That state of awe and wonder is going to shift a lot. It's going to create-- you can just feel how that creates movement. I've never really seen people stop doing-- Obviously, if you're in a state of wonder so much that you are like can't [chuckles] you can't complete a sentence, because you're so in awe of the language, that's going to get problematic. I've just never seen it.
Brett: The example of the old people reminds me of something I learned recently about dementia, where there are people who die, who have a normal life and are vibrant throughout their older years, their later years, and then they die and their brain is autopsied, and they have the brain of somebody who has dementia but they didn't have it. The difference between the people who don't actually present it psychologically, are that they have-- they're constantly learning. They're constantly in wonder so they're constantly rewiring.
Even though the wiring is getting tangled, it's developing new pathways all the time versus living in the same pathways that are just breaking down over time and then becoming less and less efficient.
Joe: Wow. I didn't know that, that's beautiful. You can start to feel it in your 40s and definitely in your 50s, this desire to stay in the neuropathways, to stay in the routine of life, and it just starts to take the joy out of life, and like look at how few people you see in their 70s who are living a joyful life, that exuberant life. Their lives are great often when they’re in their 70s, outside of potentially some physical pain there. They're retired, at least in America. They're retired and they have a family and they-- but there's just no wonder in it.
Brett: What happens to us, when we shut that wonder down? Like in the moment, let's say in a conversation or a business negotiation where, for example, we're worried about getting it right or being perfectly understood and so we shut down the wonder. What happens then? More simply, I guess the question is what is the opposite of wonder?
Joe: [chuckles] The opposite of wonder is knowing, or wanting to be maybe seen as knowing since knowing is really impossible on one level of looking at it. The way I would say it is, I see this all the time, especially when I was a venture capitalist. I saw this all the time, which was, people would come to me and they would make their pitch. People would come to me and they'd make their pitch and the standard way of thinking about it was, that they were going to come and impress me with their knowledge and show me that they had a really good business idea.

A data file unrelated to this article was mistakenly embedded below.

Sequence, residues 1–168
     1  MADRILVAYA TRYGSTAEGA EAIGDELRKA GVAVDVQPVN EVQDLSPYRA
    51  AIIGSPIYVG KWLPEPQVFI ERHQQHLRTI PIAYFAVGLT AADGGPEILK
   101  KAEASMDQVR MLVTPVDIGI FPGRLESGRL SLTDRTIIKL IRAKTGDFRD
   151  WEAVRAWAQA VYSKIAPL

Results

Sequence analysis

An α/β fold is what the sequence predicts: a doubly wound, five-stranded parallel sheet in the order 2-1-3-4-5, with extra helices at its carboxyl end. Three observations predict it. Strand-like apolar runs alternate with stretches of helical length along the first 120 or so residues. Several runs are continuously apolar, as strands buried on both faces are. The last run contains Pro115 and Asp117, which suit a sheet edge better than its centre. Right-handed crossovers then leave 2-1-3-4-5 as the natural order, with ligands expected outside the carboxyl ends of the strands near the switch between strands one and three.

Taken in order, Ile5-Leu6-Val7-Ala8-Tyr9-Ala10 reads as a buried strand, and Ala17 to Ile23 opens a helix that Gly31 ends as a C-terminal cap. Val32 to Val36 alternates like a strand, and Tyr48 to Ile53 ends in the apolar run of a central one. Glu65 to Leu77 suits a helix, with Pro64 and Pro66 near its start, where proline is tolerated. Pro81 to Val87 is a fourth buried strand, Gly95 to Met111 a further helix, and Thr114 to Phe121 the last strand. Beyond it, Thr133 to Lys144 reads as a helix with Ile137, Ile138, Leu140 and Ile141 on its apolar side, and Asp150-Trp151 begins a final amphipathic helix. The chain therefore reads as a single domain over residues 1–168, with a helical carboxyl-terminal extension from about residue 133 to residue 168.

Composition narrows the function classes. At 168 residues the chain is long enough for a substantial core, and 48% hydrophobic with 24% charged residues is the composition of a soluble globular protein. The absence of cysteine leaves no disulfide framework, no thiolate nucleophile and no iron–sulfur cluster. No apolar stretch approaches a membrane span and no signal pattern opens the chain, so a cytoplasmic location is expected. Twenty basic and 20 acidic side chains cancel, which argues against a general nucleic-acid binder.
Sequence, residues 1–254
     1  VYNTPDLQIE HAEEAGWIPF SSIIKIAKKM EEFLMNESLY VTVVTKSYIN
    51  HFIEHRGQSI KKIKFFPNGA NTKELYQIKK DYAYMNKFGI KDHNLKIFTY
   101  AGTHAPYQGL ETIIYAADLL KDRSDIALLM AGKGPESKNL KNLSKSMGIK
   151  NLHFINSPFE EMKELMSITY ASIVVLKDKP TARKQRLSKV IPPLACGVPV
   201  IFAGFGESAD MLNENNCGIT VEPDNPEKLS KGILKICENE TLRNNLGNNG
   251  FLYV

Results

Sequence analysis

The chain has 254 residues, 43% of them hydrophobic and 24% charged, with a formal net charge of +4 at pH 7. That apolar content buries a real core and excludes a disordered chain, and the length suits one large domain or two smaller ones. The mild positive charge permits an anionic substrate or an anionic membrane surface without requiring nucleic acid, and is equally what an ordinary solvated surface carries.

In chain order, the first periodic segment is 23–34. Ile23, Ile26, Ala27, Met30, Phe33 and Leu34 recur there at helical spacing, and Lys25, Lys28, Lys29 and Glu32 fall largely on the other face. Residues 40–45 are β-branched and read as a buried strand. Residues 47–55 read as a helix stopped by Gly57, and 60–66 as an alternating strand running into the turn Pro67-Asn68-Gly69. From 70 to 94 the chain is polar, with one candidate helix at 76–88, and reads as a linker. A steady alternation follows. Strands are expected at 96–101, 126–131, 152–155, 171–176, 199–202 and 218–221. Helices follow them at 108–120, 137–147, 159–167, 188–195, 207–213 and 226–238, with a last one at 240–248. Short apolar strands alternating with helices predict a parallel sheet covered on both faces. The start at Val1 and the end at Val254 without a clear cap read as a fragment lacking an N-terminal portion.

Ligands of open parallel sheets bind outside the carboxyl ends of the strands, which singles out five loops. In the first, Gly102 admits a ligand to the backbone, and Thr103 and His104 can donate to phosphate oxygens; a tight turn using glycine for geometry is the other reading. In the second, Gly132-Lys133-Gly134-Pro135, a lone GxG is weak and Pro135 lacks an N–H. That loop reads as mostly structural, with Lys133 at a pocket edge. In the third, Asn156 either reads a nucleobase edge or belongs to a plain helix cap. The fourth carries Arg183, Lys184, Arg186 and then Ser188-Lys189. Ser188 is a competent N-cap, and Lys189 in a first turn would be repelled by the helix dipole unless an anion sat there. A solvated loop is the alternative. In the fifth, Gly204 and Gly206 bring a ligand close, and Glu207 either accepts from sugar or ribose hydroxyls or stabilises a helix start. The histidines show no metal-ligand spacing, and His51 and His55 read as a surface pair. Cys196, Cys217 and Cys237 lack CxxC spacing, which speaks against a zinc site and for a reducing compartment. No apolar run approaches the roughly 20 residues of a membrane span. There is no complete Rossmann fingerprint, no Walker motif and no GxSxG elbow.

Then I would know that they have a really good business idea and then I would give them money. That would be the kind of the standard way that they would come to the meeting, which is weird, because as a venture capitalist, I probably should know more about it than they do, because I'm in 10 businesses or at least the same amount as they do. They're coming in with this knowing, trying to share the knowing and what basically happens is, if I agree with them, I will fund it, and if I don't agree with them, I won't fund it, which is a very limited potential to fund it.
There's just like this very skinny chance, that we're going to agree, but if they come in with wonder, and I had this happen once. I remember I was so blown away by-- it was a great company. It was very successful. The CEO came in to raise the money and he was like, “Okay, what do you need to see to fund? What are the boxes that you need to check off?”
I immediately told him, because that would save me a shit ton of time, instead of having to listen to 10 slides on the total addressable market and what the market was like, as if I like hadn't done that research or whatever. Then he just went through and went through exactly what I needed to hear. He started in a place of wonder instead of a place of knowing. He knew that I would be more attracted to him in a learning journey than I would in a being told what is right and what is wrong.
If you just think about that, like, you look at your friends who know what's right and wrong and like how enjoyable is it to be around them? I don't know how many companies I've been in where I see somebody and they're like, that's the problem person. I'm like, okay. Then you can meet the problem person. The problem person thinks they know everything. That's the problem person. They think they're right about everything. There is no wonder in their system.